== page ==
As before, there is a choice of suspension. You almost certainly want to stick with the standard air suspension, as even its Comfort mode is really only as-advertised on smoother pavement. On pockmarked pavement, it could get old. The “Balanced” setting is still in the livable range, while “Dynamic” is likely too firm in the real world, as mid-corner bumps and other irregularities can upset the chassis. Thankfully, the customizable RS Individual and RS Performance modes exist for you to, as I did, put everything – including the exhaust/engine sound and diff – into Dynamic but the suspension. Just press the RS button on the wheel and, bam, you’re good to go.

The optional Dynamic Ride Control suspension atypically swaps the air springs for steel ones, and adds a complex hydraulic damper system that uses additional central dampers (six in total) to tie the motions of the front and rear wheels together (front left with rear right, and front right with rear left). In the most layman’s terms, when one goes up, the other goes down. This keeps the car more level and composed when cornering, and limits pitch and dive when accelerating and braking. Tamed racing drivers will want it. For most others, it won’t be worth the $1,250 or the ride penalty. With it, “Comfort” mode more frequently jostles you about and gets old, while it’s hard to think of a winding road experienced in the real world where using “Dynamic” would actually be beneficial. Again, the RS modes come in handy to mix-and-match.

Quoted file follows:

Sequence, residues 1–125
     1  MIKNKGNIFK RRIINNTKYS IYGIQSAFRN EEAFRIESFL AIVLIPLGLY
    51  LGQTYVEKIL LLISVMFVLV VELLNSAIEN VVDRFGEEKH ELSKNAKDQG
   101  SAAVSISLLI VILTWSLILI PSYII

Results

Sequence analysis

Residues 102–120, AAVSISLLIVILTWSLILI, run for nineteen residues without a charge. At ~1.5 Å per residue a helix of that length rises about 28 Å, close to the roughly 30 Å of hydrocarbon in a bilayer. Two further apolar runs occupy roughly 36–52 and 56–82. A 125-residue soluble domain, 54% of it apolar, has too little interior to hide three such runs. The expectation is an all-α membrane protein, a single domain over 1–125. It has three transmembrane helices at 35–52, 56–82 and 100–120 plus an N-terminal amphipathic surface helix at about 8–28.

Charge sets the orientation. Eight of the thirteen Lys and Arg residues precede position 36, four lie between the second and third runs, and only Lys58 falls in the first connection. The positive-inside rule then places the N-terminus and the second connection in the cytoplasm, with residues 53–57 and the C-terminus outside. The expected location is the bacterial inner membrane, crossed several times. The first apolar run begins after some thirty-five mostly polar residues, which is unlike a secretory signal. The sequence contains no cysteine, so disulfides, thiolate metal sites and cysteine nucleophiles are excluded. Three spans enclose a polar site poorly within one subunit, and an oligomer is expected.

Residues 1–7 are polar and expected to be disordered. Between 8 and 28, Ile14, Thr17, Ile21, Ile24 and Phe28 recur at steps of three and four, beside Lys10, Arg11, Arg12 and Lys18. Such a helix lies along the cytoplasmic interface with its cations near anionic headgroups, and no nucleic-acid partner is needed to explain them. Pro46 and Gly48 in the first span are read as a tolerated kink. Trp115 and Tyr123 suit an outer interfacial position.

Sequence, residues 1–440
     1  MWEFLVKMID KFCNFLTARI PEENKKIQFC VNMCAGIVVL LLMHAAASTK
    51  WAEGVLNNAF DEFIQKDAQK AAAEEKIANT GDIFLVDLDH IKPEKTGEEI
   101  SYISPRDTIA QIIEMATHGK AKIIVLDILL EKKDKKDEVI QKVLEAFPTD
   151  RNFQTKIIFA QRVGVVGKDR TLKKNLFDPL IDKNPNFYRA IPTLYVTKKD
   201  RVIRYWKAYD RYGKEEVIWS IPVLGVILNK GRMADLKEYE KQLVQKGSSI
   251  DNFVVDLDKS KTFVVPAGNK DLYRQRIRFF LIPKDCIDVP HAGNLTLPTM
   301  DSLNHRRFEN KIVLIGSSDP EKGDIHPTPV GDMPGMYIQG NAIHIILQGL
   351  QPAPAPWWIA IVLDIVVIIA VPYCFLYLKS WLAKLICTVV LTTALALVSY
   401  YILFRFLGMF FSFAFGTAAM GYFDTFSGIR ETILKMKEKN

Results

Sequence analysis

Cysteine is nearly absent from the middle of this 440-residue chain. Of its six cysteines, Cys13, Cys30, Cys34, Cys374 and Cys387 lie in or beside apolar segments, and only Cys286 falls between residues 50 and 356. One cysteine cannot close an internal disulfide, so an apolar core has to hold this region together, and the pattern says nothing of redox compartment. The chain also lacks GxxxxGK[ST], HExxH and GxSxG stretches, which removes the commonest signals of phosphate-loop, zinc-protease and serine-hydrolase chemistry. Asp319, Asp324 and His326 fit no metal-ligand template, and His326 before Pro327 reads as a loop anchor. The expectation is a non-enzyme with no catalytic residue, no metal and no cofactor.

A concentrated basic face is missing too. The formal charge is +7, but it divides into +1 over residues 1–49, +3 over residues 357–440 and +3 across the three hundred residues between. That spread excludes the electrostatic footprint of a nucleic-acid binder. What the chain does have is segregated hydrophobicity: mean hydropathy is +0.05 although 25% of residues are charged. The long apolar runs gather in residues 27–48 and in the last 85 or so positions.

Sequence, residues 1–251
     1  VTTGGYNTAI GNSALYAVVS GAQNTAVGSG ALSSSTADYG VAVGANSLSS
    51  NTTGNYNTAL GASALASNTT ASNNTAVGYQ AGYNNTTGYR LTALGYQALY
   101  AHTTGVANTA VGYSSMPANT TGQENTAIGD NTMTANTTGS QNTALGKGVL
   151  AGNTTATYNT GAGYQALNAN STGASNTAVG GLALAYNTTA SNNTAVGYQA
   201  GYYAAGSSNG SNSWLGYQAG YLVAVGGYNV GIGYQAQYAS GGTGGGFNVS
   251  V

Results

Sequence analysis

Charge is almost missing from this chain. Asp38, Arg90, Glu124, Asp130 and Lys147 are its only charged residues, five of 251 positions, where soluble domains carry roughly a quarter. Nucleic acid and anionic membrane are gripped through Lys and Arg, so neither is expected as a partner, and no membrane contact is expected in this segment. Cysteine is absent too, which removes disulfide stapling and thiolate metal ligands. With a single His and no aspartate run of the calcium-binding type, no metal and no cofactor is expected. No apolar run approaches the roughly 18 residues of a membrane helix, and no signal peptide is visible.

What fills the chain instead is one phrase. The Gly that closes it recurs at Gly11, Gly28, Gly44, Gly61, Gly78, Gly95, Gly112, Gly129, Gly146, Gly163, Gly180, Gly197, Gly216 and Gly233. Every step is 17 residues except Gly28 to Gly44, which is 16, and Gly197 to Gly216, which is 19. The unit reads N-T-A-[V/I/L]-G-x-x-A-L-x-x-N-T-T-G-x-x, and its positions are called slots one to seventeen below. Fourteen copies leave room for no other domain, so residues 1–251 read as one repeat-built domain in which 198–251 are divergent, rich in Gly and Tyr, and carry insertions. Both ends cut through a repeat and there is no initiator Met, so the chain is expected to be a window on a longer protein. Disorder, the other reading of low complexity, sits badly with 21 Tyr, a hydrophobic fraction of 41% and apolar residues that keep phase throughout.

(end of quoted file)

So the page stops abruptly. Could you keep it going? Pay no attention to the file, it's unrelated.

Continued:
As for the differences between the RS 6 and RS 7, it really only comes down to the cargo area and 55 pounds extra for the don’t-call-it-a-wagon. To be honest, I spent an entire morning in the RS 6 Avant before swapping into an RS 7, and at one point totally forgot I had made the switch – dash design, the way they drive, the supportive seats and excellent driving position are exactly the same. Even the view out the back isn’t all that different. Now, it’ll shock you to discover that an automotive journalist prefers the wagon, but when Option B is a sleek slantback sedan with a hatchback … well, it’s not like I’ll be snickering behind your back. Be it 6 or 7, you’ll be getting one of the most enjoyable cars on the road … now with more performance ­– and, sure, emotion.